Switzerland is known for fondue, chocolate, and muesli. But did you know that some of the most outstanding contributions to culinary history were made by the Swiss? Swiss cuisine is rich in anecdotes which connect the country’s history with its culinary achievements. Beyond Muesli and Fondue is a cookbook with stories and many dishes and drinks you can make yourself.
Discover the most important Renaissance chef, the first woman who ever wrote a cookbook, the man who prepared a fateful dinner for the Sun King, Napoleon’s chef, the Delmonico family and their influence on American restaurant culture, César Ritz, who founded an entire hotel empire, Oscar of the Waldorf, Joseph Favre, the anarchist who cooked in the most prestigious places of his time, Henry Haller, who ran the White House kitchen for five U.S. presidents, Carlo Gatti, the creator of the ice cream cone, and Julius Maggi, the brilliant inventor of the Maggi cube. Learn about the soups, desserts, and cocktails that tell stories about Switzerland.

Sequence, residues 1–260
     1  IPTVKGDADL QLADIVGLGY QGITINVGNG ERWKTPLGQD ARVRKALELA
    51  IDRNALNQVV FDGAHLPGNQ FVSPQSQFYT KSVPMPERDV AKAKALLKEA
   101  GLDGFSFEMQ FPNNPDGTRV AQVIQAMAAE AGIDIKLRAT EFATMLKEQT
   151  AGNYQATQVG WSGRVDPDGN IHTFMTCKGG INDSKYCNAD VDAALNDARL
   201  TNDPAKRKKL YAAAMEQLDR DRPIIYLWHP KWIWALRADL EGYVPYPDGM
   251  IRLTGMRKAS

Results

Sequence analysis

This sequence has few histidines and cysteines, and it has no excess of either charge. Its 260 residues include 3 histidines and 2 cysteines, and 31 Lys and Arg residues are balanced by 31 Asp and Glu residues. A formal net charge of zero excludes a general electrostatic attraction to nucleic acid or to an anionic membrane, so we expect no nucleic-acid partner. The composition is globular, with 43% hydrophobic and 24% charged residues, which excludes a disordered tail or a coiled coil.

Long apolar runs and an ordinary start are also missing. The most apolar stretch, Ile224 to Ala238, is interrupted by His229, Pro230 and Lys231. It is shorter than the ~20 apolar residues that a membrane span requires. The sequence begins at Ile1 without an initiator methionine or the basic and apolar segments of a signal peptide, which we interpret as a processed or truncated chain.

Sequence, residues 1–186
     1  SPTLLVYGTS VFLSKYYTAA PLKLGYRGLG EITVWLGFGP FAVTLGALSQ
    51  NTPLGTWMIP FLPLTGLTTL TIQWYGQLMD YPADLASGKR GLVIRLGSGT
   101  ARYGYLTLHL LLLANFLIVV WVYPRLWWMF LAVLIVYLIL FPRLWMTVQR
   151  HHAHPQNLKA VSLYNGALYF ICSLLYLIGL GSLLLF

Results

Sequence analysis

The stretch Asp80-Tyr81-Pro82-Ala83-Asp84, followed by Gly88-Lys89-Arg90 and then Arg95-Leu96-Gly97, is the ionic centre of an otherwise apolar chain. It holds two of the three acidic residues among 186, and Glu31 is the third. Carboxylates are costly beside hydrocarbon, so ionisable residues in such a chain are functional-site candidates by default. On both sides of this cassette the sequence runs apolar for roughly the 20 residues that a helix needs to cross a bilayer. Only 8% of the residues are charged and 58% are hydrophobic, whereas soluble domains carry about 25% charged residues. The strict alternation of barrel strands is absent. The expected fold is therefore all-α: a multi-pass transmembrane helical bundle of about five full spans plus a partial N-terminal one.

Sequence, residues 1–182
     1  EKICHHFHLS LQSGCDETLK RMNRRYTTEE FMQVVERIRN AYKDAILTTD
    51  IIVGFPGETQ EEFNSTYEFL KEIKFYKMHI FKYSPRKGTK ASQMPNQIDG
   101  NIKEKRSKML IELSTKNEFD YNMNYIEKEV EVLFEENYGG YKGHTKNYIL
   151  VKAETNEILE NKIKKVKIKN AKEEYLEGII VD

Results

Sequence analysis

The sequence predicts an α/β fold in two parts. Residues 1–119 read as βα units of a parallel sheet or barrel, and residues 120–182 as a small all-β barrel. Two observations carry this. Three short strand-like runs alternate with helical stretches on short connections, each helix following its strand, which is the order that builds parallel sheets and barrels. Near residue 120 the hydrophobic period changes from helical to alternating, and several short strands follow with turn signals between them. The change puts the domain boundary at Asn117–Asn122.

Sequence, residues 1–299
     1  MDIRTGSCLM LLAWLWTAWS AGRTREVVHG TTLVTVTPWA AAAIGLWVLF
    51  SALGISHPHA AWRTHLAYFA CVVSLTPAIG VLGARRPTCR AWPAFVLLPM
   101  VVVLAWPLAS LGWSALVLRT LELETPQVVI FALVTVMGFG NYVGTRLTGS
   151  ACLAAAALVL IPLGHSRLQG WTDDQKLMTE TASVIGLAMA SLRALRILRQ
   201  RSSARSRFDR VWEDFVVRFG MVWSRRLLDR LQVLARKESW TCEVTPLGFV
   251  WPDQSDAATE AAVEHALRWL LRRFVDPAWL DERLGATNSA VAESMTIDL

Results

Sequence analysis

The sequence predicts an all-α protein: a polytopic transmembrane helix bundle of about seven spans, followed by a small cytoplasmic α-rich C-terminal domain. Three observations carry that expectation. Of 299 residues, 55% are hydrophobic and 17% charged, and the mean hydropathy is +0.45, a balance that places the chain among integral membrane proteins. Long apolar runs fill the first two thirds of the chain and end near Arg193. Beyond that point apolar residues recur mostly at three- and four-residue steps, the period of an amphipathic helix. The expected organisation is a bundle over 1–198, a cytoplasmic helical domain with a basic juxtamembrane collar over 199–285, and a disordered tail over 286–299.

Martin Dahinden has been appointed as Ambassador of Switzerland to the United States of America in 2014. Prior to that, he served as Director of the Swiss Agency for Development and Cooperation (SDC) from 2008 to 2014 and headed the Directorate of Corporate Management of the Federal Department of Foreign Affairs (FDFA) from 2004 to 2008.
Martin Dahinden was born in Zurich, Switzerland, in 1955. He earned a Ph.D. in Economics (Business Administration) from the University of Zurich. Before joining the diplomatic service, he worked as a postgraduate assistant at the university, and was then employed by a bank and a publishing house.
The Swiss physician Maximilian Bircher-Benner invented the world-famous Bircher muesli, and the Maggi soup cube was also invented by a Swiss. However, the Swiss have contributed much more to the culinary arts, haute cuisine, and luxury gastronomy.
In his cultural history book, Martin Dahinden, Ambassador of Switzerland to the United States, tells 30 culinary stories with recipes.
Book only available in German.